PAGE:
Good Talk

Invite Folks from Other Departments or Organizations In for an Informal Lunch-and-Learn Tour or Some Speed-Dating-Style Tabletop Displays

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Jim MontagueBy Jim Montague, Executive Editor

It never hurts to ask, but that doesn’t mean it’s easy. In many recent articles, I’ve found numerous users who say internal discussions among colleagues were crucial to the success of whatever project they’re working on. Seeking out, sitting down and simply talking with coworkers, between departments, and especially across plant floor and IT and management chasms, is a cornerstone in most, if not all, successful process improvement efforts. Best of all, face-to-face discussions cost little or nothing, unlike software and hardware. However, there’s one big snag.

Talking to people sounds simple, but it’s not. For many reasons, seeking out and interviewing people can be scary—and not the funny kind. There’s lots of fear that goes with trying to talk to other people. Fear of being rejected or ignored. Fear of being misunderstood or later misrepresented. Fear of becoming entangled and dragged down. Personal interaction often can seem pointless. I’d bet this is the reason that emails have replaced phone calls. 

For example, just over 23 years ago, I was sitting in a ’62 Ford Falcon in a small supermarket parking lot in Lakeville, Minn. I was assigned to do person-on-the-street interviews and take photos of whichever half-dozen local residents I could find. However, I sat in that car for 10, 20, 30 and finally about 45 minutes because I was freakin’ petrified. Who was I to go up to busy strangers, invade their space, disrupt their shopping trips and assail them for comments? However, not wanting to lose my $210-per-week paycheck, I eventually screwed myself up to doing my job, and I met a bunch of people who had nothing to say and a few very nice folks who kindly let me talk to them and take their pictures. Since then, I’ve conducted close to 10,000 interviews, and I’ve learned a few common-sense ways how to do it, even if it’s still a little nerve-wracking and not really much easier.

First, think about what you want to know from the people you want to interview. Second, learn something about them, their activities, expertise, department and organization. Third, write out some questions, and maybe send them along ahead of time, if possible. Fourth, and this the hardest part, just go up and say “Hi” or “Hey” or “Uh, excuse me,” and then “Would it be okay if I asked you a few questions?” Naturally, it’s like jumping off a high diving board, but all it really takes is a little teaspoonful of what-the-hell-type bravery. Not too difficult.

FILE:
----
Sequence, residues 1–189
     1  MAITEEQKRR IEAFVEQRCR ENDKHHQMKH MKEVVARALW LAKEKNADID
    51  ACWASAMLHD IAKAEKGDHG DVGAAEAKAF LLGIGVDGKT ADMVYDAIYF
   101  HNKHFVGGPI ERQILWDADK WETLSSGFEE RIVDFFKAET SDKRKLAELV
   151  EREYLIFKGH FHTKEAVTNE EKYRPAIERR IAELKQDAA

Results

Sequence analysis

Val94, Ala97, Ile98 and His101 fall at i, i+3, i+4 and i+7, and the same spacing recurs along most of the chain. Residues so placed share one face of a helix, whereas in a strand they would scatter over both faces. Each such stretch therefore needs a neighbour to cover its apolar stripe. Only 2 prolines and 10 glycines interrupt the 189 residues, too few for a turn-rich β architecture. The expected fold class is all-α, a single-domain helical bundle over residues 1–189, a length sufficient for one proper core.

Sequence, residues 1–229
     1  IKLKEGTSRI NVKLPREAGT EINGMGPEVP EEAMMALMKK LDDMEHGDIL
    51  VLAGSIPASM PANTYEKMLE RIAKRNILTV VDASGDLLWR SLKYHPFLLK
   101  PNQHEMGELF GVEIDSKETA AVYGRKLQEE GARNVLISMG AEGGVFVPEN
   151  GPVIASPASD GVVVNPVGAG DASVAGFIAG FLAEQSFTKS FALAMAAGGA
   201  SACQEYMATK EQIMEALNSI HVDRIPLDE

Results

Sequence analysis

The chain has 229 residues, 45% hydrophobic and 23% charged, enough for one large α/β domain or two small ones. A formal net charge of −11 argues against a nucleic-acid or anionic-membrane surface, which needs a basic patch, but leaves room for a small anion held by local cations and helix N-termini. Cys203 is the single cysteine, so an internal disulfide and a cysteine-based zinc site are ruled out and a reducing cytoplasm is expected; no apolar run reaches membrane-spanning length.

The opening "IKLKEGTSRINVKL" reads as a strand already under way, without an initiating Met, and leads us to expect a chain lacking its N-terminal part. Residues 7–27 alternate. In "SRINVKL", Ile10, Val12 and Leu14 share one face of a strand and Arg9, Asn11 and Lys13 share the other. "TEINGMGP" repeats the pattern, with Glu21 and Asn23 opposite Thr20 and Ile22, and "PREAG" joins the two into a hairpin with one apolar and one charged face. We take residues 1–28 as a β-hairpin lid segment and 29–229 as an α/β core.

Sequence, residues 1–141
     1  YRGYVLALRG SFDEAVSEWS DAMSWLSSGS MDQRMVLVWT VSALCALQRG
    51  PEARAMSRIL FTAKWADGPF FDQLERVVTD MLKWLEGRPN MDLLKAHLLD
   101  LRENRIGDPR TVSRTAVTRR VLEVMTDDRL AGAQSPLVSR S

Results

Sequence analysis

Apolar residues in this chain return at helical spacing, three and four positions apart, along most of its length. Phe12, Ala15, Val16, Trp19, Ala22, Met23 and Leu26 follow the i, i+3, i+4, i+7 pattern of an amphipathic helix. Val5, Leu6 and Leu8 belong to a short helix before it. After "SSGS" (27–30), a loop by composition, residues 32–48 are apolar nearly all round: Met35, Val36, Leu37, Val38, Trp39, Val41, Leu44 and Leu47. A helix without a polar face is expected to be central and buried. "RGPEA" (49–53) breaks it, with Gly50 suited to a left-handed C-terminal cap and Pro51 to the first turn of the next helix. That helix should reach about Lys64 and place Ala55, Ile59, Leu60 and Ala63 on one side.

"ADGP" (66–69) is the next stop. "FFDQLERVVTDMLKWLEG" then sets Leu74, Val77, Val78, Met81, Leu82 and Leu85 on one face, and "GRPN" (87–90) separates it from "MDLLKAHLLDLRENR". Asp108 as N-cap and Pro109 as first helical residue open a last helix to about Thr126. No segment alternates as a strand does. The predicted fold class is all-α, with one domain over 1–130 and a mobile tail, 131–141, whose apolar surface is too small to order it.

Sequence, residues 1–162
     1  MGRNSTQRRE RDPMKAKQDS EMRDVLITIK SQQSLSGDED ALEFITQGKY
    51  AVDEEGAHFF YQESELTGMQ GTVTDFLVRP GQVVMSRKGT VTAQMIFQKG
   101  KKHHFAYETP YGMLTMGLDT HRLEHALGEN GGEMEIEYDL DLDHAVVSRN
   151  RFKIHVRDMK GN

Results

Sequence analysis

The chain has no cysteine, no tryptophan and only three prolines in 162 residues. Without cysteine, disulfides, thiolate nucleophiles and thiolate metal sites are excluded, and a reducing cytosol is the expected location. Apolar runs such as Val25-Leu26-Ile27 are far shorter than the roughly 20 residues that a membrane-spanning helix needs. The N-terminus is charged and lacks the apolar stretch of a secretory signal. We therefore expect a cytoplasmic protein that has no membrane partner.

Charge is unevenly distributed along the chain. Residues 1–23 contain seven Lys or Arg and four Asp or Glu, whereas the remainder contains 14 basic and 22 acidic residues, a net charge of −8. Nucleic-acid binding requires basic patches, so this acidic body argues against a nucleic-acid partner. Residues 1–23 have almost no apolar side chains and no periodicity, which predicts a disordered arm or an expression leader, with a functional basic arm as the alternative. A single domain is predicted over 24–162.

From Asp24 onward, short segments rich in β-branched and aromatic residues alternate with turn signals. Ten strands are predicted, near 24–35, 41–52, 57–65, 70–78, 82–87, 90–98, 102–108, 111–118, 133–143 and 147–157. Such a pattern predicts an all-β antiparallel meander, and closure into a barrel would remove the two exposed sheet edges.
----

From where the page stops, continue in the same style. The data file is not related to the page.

When subjects decline, thank them anyway, and move on to the next person fast. In process control or automation, I’ve found that every fifth or sixth person usually has some good input, which is way better than the general public. So, when the second or third or 12th person agrees to be interviewed, get their name and job title, and ask your questions. Next, pay attention, listen closely—which is the second hardest part—and take notes. As the conversation unfolds, ask new questions as they arise, and see if the person knows anyone else who could contribute. Finally, thank your subjects profusely.

While these methods are useful for traditional interviewing, many other interactive formats are available for fostering relations between people, departments and larger organizations—and, for once, I don’t mean the danged Internet or Web 2.0. On-screen presentations and meetings have their uses, but I think we could all use a little more down-to-earth face time, don’t you? So beyond the typical sales call or training session, invite folks from other departments or organizations in for an informal lunch-and-learn tour or some speed-dating-style tabletop displays. Then, layout some high-quality food, describe your everyday operations and challenges, and then ask if you can tour their area, too. If this doesn’t help with some existing process improvements, then I’ll bet it will point out the need for some new ones.

And, when you get done building relationships inside and outside your company, you can even use your new talking and listening skills at home on loved ones, family members, children, parents and grandparents. Talk about scary.  

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